- Stock Screener – Google Finance previously had a stock screening tool that allowed users to find companies by market cap, sector, country, P/E ratio, dividend yield and a few other metrics. While it was a pretty basic tool, it allowed people to identify trades directly in Google Finance. This feature is missing from the new Google Finance.
- Google Domestic Trends – Google Domestic Trends was a unique feature that allowed users to identify “search traffic across specific sectors of the economy.” For many major industries, you could view a chart of how search traffic has changed for key terms in that industry over time. This feature is also missing from Google Finance.
What Users are Saying
Long-time Google Finance users are almost universally unhappy with the new iteration of Google Finance. Investors that used Google Finance’s portfolio monitoring tool felt like they were left high and dry and are looking for alternative tools, like those offered by sites like MarketBeat, FinViz and Wallmine to keep track of their portfolios. Others are upset by the overall lack of functionality and weaker chart functionality in the new Google Finance.
Here’s what a few users Tweeted about the new Google Finance:
Google Finance Alternatives:
Fortunately for investors, there are many alternative websites that provide better tools and information than Google did even before their recent set of “improvements.”
There is no “one size fits all” replacement for Google Finance, but here are some other websites that Google Finance refugees should consider to replace Google Finance's suite of tools:
- MarketBeat – MarketBeat offers some of the best company profile pages on the web. For any company, you can view real-time analyst recommendations, financials, dividend information, earnings information, insider trading activity, SEC filings, social media activity from StockTwits, a real-time chart from TradingView and headlines from many financial publishers. MarketBeat also offers real-time financial calendars, analyst recommendations and a web-based portfolio monitoring tool called My MarketBeat.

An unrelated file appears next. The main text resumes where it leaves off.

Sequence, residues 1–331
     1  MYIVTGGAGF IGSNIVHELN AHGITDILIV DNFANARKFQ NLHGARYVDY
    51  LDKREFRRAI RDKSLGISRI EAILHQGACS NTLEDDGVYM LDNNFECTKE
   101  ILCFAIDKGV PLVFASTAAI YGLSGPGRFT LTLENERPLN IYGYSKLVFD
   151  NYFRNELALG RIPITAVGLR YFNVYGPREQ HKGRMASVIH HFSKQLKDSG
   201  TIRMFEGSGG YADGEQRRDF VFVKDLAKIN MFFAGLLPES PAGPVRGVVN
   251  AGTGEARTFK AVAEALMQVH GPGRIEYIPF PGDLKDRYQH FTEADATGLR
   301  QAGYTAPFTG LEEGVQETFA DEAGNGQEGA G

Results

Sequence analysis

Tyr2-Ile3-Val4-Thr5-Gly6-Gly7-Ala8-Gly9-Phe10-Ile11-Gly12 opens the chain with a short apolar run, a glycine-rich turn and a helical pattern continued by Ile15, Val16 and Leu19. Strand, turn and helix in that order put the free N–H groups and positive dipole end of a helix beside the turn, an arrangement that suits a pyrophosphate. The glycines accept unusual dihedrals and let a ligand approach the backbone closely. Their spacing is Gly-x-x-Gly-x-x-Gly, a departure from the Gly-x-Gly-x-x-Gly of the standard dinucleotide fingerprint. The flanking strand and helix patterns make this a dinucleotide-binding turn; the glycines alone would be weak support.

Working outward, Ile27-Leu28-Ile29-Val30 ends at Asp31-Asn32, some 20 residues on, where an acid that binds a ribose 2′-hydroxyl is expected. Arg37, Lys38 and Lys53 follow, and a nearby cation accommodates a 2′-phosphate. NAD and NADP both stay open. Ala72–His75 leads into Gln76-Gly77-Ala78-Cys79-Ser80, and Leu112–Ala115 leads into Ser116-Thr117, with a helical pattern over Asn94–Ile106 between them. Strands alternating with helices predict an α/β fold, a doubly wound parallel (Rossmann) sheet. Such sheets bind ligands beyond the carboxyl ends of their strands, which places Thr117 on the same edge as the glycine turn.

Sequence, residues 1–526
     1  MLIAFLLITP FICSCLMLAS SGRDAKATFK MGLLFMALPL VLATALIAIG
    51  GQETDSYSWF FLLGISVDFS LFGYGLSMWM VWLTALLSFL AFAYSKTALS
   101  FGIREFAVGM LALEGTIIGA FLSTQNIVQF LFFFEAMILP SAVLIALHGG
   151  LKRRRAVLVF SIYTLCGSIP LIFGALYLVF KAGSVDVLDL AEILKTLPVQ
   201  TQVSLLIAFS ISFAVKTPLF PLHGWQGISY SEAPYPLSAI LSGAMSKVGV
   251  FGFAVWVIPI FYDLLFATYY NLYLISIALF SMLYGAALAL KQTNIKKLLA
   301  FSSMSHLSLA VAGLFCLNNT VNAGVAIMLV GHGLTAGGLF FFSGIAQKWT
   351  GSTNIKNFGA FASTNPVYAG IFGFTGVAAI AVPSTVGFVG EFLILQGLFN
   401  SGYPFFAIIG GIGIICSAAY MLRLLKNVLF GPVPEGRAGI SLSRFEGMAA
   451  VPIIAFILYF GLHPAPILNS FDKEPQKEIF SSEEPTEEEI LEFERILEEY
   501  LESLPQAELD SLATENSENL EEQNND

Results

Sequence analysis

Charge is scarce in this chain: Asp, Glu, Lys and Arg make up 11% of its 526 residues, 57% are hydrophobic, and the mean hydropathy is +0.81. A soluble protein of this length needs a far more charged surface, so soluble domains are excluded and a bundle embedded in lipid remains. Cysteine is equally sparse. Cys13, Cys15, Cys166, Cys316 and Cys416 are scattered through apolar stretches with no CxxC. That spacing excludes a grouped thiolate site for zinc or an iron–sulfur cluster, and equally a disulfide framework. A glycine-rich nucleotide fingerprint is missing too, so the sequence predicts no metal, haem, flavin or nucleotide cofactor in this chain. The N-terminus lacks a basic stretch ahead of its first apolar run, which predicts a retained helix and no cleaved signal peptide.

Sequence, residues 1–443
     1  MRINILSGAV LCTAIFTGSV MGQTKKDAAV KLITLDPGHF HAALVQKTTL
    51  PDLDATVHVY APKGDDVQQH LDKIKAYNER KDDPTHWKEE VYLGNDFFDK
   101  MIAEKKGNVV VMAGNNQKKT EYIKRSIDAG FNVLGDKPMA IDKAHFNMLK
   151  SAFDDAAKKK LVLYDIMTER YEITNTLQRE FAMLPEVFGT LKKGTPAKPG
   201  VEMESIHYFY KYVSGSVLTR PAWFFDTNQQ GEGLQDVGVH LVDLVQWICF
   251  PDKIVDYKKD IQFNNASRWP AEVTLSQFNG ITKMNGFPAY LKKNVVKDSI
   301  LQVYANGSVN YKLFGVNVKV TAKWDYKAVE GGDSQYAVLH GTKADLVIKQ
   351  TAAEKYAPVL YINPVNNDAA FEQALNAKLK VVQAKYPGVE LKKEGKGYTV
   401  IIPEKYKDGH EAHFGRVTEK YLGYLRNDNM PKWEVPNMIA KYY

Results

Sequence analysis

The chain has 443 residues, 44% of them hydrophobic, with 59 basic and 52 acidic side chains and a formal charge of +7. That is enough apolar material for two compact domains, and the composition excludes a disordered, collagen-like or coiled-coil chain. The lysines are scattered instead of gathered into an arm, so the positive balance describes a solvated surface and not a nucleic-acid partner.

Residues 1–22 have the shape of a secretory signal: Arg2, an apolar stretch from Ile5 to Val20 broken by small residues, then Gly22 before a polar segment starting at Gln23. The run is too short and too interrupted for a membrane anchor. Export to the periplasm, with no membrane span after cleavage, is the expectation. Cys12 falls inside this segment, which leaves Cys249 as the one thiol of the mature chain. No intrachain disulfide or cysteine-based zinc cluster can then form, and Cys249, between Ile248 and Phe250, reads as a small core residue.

- Barchart – Barchart provides some of the best fundamental market data and stock screening tools that are available on the web. Their screeners allow investors to slice and dice the market using dozens of unique criteria.
- FinViz – FinViz offers real-time stock prices and charts by market, sector and ticker. Many investors use FinViz’s best-in-class stock screener and innovative sector maps. FinViz also offers a portfolio monitoring tool, news headlines and a couple of other financial calendars.
- StockCharts.com – Investors looking to create and view advanced stock charts are well-served by StockCharts.com and its competitor Big Charts from MarketWatch.
- Yahoo Finance – Yahoo Finance has long been Google Finance’s largest competitor and is a good solution for investors looking for a portal-type website to research stocks. Yahoo Finance offers comprehensive company profile pages, a portfolio monitoring tool, a stock screening tool and news headlines for most companies. The biggest downside of using Yahoo Finance is that its ad layouts are very aggressive and can make the site difficult to use.
How to Access the Old Google Finance
Update: 3/26/2018 - As of March 19th, 2018, Google has officially discontinued the old version of Google Finance. Navigating to finance.google.com now redirects to the new version of Google Finance.
For Google Finance diehards, Google has left the old version of Google Finance up at finance.google.com. The old Google Finance appears to be fully functional for the time being, but it’s hard to imagine that Google will leave it up indefinitely. Investors should fully anticipate that finance.google.com (old Google Finance) will redirect to www.google.com/finance (new Google Finance) in the near future.
What’s next for Google Finance?
Google trends to be tight-lipped about the future product plans for their vertical search engines. In the past, changes to tools like Google News and Images have launched without any advanced notice. Based on Google’s past treatment of its finance users, investors will probably see some small improvements based off their most vocal feedback. It does seem that Google does want to bring back a version of their portfolio monitoring tool, but it’s hard to know if or when that feature will launch. In the meantime, investors are probably better off finding replacement tools like those listed above for their research needs.